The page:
On the 6th December 1917, Finland declared its independence after a century of Russian rule. Sibelius’s well known symphonic poem Finlandia was seen as an emblem of Finnish nationalism, defying Russian oppression after it was premiered in 1900 alongside a metaphorical dramatisation of Finland achieving political independence; this was the sound of a new, independent Finland.
The Finnish national epic The Kalevala was also instrumental in building an image of Finnish national identity. Derived from Karelian folklore by Elias Lönnrot in the nineteenth century, the Kalevala was adopted as a source of inspiration across the arts in Finland. Perhaps the most famous depictions of scenes from the Kalevala are Akseli Gallen-Kallela’s paintings; Lemminkäinen’s Mother is shown below.
It provided a consistent source of inspiration for Sibelius; he wrote twelve pieces based upon tales from the Kalevala including Luonnotar, Lemminkäinen, and Kullervo. Gallen-Kallela also used Kullervo as a subject (shown left); his tragic story that tackled incest, child abuse, revenge, and the attributes of heroism proved particularly popular. This painting of Kullervo’s Curse is particularly interesting for its depiction of the Finnish landscape, the link between man and landcape being a recurring theme throughout the late nineteenth to early twentieth centuries, not least in Sibelius’s music, as the rise of nationalism spread across the Western world. The sense of pride in and loyalty to one’s country that nationalism relied upon would of course reach unprecedented proportions in the devastation of the Second World War, during which Sibelius’s music was appropriated by Hitler in the search for a national Germanic music. Inevitably this led to a decline in Sibelius’s popularity in Germany following the war, particularly from the critic and theorist Theodor Adorno.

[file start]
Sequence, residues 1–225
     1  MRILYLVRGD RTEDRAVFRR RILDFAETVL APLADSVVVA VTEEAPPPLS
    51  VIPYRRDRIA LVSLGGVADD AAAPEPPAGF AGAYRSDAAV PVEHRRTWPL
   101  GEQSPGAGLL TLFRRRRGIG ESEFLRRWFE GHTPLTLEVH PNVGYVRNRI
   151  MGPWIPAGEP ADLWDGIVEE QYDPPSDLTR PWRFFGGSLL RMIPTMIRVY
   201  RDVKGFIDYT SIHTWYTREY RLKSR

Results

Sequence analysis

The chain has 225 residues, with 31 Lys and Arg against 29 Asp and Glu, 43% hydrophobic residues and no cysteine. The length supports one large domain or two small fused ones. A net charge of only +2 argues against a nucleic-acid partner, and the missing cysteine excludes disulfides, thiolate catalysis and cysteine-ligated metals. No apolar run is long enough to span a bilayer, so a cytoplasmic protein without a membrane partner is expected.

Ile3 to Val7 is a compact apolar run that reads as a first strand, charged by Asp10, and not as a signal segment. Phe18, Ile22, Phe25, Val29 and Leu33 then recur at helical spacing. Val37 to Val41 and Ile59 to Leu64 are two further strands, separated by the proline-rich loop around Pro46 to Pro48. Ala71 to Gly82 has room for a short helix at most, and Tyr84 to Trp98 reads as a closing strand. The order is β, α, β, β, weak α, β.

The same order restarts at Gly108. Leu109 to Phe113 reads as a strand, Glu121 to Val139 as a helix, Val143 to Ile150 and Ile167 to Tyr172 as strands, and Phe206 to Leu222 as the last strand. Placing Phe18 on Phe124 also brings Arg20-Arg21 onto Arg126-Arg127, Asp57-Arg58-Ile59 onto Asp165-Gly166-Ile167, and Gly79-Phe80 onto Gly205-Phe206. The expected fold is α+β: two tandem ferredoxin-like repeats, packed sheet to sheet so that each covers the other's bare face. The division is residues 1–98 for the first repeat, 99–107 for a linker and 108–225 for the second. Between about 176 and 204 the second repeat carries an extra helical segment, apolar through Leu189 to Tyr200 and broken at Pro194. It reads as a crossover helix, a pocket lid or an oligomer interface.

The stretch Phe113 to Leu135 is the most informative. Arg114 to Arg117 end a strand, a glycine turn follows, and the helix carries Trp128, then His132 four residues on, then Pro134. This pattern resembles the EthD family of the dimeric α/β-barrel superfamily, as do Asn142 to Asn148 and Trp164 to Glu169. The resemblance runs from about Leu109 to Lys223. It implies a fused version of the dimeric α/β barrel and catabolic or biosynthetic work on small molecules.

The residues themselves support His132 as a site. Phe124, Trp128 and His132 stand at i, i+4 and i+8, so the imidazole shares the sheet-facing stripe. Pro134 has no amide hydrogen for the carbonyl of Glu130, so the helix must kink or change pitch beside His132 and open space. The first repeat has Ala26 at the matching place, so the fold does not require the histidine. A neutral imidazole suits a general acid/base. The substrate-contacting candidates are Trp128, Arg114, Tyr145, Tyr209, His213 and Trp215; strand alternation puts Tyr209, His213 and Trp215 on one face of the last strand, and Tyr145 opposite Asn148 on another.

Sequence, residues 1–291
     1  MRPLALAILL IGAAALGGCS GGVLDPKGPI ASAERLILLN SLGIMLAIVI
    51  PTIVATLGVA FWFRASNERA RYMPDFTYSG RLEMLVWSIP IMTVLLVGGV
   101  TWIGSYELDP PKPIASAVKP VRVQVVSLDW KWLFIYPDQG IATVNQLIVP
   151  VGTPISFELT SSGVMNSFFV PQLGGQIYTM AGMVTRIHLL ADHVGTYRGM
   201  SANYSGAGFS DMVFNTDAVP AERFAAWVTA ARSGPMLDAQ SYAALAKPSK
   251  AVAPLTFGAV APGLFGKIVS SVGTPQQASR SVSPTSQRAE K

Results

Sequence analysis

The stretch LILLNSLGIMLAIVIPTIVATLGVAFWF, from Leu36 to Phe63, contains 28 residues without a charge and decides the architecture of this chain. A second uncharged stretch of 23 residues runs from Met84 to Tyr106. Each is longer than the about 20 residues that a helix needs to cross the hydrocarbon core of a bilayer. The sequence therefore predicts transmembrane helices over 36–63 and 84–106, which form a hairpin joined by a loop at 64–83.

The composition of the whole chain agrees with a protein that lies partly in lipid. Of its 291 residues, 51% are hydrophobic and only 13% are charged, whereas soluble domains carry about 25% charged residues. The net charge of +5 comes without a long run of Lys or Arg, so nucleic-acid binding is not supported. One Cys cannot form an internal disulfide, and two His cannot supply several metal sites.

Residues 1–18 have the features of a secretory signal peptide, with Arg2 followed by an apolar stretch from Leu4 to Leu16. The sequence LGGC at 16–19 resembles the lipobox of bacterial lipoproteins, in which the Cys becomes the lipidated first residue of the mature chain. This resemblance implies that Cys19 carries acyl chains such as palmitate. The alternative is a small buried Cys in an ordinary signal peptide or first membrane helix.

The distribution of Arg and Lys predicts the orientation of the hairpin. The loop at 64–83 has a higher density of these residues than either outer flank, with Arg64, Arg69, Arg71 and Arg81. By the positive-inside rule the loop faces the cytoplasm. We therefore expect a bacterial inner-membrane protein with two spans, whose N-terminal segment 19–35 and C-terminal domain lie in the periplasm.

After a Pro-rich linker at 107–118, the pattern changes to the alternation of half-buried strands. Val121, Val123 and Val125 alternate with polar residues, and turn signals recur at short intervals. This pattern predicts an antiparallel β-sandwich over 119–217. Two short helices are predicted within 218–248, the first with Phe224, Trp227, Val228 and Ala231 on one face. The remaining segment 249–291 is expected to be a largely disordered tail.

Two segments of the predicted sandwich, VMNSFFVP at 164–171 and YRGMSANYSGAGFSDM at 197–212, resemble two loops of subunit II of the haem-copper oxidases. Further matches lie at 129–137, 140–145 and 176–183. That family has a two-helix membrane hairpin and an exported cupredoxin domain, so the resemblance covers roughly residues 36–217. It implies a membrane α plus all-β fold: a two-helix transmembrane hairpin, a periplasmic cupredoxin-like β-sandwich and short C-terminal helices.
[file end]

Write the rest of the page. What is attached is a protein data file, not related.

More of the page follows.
This is one of Sibelius’s lesser known pieces based upon the Kalevala; scored for orchestra, chorus, and baritone solo, The Origin of Fire is based upon the creation of fire as according to the Kalevala.